Many of the dogs are clearly mutts. Among the dogs now being fostered by the group are Regina, who most resembles her whippet ancestors, and Gunner, who favors his yellow lab lineage. Anderson estimates that he spends about $10,000 a year of his own money on pit bull rescue efforts. Another $35,000 was spent to dog-proof a shelter and install skylights so people can move around without turning on lights and disturbing the dogs. Between $500 to $750 is spent on veterinary and routine care of each dog before it is adopted. A $125 adoption fee is paid.

    7 hours a day

    Anderson is up and with the dogs between 3:30 and 4:30 a.m., and before the day is over he'll have spent about seven hours on them, which is on top of his professional work. Washing blankets, cleaning floors and cages, and massaging and bathing the animals is part of the routine. No ordinance in Madison limits the number of animals that can live at a residence, as long as they are properly cared for and not a nuisance to the neighborhood. During the six years Anderson has been involved in pit bull rescue, he has found homes for about 60 dogs. He doesn't take in dogs with any history of aggression towards people.

    "If there has been any aggression against other dogs, I look at the context and the severity. If there's a tussle between dogs who are trying to get into doors at the same time, I wouldn't consider that a serious problem," he said. "Unprovoked aggression, on the other hand, is a big problem. I don't have enough time to work with dogs who need that much rehabilitation."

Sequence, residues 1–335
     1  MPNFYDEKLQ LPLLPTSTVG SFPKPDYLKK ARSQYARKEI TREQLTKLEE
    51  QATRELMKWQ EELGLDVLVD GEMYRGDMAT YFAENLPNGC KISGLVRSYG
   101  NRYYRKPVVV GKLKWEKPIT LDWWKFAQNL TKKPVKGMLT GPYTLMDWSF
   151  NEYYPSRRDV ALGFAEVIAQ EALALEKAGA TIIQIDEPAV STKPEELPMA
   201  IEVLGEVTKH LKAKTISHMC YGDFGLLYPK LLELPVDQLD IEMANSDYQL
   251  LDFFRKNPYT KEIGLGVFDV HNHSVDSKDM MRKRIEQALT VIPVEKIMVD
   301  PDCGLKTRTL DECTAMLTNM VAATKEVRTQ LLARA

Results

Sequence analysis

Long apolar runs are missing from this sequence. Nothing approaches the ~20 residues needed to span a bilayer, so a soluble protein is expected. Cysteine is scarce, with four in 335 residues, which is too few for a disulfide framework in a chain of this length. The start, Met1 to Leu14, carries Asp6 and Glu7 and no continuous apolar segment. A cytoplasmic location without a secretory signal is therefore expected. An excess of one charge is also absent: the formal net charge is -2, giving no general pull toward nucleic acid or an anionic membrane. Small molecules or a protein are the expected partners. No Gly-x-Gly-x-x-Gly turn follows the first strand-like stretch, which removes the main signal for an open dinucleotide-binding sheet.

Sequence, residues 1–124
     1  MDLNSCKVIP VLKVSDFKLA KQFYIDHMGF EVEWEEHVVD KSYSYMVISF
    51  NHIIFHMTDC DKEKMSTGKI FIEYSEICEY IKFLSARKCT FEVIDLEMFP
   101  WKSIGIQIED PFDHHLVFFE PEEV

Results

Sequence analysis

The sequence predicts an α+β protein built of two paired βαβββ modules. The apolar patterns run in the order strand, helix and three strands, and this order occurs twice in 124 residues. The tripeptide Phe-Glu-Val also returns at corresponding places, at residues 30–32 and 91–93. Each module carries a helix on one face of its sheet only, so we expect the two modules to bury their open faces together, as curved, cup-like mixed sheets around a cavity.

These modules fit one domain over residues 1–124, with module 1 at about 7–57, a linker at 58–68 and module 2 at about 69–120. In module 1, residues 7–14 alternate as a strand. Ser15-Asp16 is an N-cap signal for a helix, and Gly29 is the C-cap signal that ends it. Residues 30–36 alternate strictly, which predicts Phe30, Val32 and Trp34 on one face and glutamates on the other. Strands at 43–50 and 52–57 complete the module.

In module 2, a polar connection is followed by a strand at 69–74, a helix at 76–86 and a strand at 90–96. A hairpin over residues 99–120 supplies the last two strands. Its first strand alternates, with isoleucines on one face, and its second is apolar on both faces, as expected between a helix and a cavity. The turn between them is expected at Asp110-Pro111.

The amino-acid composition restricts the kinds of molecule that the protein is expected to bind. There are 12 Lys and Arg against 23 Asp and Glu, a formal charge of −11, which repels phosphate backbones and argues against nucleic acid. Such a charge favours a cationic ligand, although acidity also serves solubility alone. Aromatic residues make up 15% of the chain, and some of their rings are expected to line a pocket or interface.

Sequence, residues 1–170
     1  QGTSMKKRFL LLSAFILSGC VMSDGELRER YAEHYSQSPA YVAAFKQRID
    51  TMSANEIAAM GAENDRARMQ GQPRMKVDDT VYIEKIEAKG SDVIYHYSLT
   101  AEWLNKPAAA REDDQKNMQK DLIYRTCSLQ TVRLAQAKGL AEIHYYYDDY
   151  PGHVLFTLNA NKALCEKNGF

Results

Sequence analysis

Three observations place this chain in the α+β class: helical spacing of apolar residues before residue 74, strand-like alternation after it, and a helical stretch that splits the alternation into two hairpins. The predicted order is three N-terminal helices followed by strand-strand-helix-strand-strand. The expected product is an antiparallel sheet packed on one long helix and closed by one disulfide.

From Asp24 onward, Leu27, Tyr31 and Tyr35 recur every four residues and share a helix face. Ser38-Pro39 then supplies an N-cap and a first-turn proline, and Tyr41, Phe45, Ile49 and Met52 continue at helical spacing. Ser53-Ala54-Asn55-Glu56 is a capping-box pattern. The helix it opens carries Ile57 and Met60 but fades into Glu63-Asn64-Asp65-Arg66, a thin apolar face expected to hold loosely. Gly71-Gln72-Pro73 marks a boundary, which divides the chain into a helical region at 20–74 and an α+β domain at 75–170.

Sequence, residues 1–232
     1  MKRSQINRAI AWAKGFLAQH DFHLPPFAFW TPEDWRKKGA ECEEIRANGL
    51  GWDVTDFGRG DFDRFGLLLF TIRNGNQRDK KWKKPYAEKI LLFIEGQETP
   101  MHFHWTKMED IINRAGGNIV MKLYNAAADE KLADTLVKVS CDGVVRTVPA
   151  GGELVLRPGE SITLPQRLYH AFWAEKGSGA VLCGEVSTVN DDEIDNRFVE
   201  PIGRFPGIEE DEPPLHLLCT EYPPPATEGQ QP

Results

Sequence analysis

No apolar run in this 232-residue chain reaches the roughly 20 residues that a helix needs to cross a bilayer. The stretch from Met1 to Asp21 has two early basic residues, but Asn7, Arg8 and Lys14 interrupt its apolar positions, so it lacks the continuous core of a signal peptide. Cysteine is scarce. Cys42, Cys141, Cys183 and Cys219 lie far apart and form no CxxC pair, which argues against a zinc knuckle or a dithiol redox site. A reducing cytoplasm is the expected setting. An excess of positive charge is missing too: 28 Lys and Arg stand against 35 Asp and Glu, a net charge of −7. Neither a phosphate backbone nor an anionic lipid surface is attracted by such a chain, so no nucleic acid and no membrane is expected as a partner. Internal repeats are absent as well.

He also puts pictures and videos of the dogs his Web site www.maps.petfinder.com.A chunk of Anderson's time is also devoted to doing criminal background checks on people interested in adopting one of his dogs. If they have a clean record, they're allowed to meet the dogs. Anderson also does radio interviews, especially since 47 pit bulls were confiscated during a drug arrest at a Town of Dunn home, along with paraphernalia associated with dog fighting. Robert Lowery, 57, is awaiting trial on federal drug and weapons charges, and Dane County prosecutors are deciding if there is evidence to charge Lowery with running dog fights, a crime for which he was convicted in 1982. Anderson worries that every time an incident like that occurs, there is a spike in interest in pit bulls by unsavory people who want them for all the wrong reasons, such as fighting


  2. #2
    Attila Guest

    Default Re: Pit bull rescuer puts a lot into it

    niced couple that is very kind of them. What an undertaking. That has to be a tremendous amount of work. good post

  3. #3

    Thumbs up Re: Pit bull rescuer puts a lot into it

    Wow, that's really nice to hear that someone is doing this! I've never heard of anyone putting that much time into this breed to help save them and find nice homes to them. It's really refreshing!

  4. #4
    Join Date
    Sep 2005
    So. E. Los Angeles,CA.

    Default Re: Pit bull rescuer puts a lot into it

    He's a good person, not many of those left in this world.